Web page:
Introduction and Characteristics

Species of the Family  Tipulidae, also known as  crane flies, make up the largest  family in the Order Diptera which are the true flies. In North America alone, more than 1,500 species have been identified. The genus Tipula  contains roughly 495 terrestrial  species (Koenig and Young 2007). The crane flies are commonly mistaken for mosquitoes,  but most are actually much larger.  

 Unlike mosquitoes that feed on blood, crane flies do not feed on blood (Nutrition for more information) (Chew et al. 2008).  They are characterized by elongated bodies, a pair of narrow wings, and long, legs (Young 2008). The crane flies are also called Daddy-long-legs but  do not use their legs for walking, but for hanging from plants. Their hind wings are also reduced into club-shaped halters (Chew et al. 2008).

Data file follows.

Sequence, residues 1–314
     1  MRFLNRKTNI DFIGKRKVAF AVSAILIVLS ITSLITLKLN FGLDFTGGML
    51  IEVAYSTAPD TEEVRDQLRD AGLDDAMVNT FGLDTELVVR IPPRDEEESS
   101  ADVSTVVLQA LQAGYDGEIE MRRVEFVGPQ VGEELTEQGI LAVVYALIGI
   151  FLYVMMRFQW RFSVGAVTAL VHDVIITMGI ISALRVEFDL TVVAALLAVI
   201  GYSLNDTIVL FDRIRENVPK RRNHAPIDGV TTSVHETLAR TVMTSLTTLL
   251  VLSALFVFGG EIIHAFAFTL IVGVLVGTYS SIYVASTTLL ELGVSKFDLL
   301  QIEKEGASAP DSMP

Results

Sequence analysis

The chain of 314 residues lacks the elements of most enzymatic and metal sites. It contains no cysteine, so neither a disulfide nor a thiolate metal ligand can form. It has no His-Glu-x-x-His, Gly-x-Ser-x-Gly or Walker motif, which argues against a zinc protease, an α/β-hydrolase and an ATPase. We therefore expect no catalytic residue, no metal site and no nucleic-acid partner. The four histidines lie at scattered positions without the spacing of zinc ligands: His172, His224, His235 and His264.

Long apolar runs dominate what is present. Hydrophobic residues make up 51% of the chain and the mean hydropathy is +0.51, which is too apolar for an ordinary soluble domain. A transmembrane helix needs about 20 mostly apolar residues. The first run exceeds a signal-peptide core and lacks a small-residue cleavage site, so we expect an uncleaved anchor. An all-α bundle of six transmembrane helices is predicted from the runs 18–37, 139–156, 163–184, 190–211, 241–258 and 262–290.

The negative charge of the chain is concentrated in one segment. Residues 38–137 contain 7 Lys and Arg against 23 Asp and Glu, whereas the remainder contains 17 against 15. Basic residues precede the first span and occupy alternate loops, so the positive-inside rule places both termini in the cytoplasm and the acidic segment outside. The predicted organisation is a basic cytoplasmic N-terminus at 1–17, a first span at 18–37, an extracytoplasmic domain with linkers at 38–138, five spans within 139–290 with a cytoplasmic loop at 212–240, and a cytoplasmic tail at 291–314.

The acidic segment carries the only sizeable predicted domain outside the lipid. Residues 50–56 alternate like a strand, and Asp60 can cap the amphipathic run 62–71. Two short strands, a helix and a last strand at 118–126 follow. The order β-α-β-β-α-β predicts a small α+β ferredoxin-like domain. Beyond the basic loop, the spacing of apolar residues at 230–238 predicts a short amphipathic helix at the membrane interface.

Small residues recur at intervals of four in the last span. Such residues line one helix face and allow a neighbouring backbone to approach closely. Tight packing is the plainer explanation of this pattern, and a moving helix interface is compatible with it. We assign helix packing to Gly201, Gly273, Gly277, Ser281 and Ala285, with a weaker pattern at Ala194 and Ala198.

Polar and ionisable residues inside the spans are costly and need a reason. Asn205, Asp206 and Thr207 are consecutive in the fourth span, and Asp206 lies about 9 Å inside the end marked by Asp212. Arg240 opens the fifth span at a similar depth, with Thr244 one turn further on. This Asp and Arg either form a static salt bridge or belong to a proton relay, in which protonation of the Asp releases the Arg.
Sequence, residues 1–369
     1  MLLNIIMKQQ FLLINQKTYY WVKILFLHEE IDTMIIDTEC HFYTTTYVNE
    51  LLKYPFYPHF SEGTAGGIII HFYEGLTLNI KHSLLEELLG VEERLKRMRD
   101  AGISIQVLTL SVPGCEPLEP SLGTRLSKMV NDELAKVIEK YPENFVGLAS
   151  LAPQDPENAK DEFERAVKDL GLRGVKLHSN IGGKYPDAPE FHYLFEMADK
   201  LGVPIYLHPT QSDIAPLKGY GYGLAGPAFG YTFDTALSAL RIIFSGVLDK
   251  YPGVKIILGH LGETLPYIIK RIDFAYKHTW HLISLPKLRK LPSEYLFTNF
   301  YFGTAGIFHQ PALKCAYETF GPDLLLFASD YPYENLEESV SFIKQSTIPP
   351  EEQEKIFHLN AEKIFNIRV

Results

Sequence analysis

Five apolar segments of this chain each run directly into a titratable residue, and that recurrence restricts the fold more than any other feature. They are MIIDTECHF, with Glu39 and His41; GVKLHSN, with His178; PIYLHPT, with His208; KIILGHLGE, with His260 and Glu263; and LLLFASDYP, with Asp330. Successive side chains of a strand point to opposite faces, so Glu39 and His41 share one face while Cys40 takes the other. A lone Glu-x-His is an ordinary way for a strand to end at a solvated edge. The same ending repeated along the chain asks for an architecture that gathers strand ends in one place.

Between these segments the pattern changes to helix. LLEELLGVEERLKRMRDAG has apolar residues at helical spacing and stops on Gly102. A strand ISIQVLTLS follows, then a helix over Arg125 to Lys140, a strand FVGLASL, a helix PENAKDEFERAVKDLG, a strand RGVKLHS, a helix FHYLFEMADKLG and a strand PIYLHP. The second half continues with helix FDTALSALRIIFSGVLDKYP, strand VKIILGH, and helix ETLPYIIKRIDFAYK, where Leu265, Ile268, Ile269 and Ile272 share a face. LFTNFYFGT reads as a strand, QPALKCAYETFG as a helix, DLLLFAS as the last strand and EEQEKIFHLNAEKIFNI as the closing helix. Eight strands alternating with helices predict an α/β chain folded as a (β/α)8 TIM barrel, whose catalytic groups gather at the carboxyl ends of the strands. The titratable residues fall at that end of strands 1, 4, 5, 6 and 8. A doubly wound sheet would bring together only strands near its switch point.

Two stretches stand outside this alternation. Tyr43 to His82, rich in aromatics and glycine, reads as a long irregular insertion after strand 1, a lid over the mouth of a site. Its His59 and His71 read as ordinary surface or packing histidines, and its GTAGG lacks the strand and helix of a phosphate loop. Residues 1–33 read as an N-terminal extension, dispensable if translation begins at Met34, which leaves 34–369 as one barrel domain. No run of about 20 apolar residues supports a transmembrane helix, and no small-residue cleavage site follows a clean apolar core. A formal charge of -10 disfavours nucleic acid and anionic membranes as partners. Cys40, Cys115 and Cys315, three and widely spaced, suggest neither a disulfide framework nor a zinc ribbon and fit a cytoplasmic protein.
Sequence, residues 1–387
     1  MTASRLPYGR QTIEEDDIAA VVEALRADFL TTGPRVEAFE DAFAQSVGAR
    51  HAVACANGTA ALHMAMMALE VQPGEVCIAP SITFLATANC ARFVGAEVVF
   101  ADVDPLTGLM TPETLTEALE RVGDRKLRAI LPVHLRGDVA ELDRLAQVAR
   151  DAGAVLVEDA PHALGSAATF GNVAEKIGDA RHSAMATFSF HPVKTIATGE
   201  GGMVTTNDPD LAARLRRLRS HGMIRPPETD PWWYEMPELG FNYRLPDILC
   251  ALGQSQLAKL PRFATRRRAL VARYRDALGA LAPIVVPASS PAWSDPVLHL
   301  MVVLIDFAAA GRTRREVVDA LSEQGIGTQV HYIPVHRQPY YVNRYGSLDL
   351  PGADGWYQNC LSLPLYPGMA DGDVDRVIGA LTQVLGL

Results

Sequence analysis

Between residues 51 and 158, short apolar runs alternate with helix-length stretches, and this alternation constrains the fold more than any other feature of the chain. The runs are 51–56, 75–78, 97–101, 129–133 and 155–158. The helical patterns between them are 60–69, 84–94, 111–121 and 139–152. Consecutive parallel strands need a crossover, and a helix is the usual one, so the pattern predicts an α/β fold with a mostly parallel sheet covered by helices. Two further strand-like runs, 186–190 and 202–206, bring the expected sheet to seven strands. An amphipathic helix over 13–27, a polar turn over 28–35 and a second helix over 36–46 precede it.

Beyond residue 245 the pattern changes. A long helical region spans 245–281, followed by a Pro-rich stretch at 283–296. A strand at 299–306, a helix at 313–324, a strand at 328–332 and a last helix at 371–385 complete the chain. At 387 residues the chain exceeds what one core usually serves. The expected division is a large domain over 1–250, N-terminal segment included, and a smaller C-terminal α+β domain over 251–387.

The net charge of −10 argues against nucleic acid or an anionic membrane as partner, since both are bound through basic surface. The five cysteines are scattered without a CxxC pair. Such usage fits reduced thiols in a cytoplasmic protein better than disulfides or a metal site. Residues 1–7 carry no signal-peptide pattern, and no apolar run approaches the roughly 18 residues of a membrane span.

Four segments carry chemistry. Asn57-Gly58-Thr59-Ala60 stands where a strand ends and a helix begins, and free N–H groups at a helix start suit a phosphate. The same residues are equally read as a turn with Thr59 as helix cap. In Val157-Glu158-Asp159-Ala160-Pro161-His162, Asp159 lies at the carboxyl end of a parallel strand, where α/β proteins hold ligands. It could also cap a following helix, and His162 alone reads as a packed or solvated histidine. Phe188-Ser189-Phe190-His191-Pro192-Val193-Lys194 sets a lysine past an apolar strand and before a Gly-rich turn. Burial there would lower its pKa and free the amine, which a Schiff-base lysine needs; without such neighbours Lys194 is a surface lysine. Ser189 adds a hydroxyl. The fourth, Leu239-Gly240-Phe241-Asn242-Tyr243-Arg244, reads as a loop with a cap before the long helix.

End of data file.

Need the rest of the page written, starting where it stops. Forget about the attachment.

The adults of the Order Diptera are weak fliers and are attracted to lights (Arthur and Garrison 2004). Distinctive features include a prominent V-Shaped suture or fold on the dorsal side of the thorax between the wings. Males have long  feathery or toothed antennae and females have shorter antennae. The halters are also prominent in the crane flies (Swan and Papp 1972). An interesting trait in Tipula submaculata is that in both sexes there are ringed antennae (American Insects 2009). Also all crane flies lack ocelli (Young 2008).  

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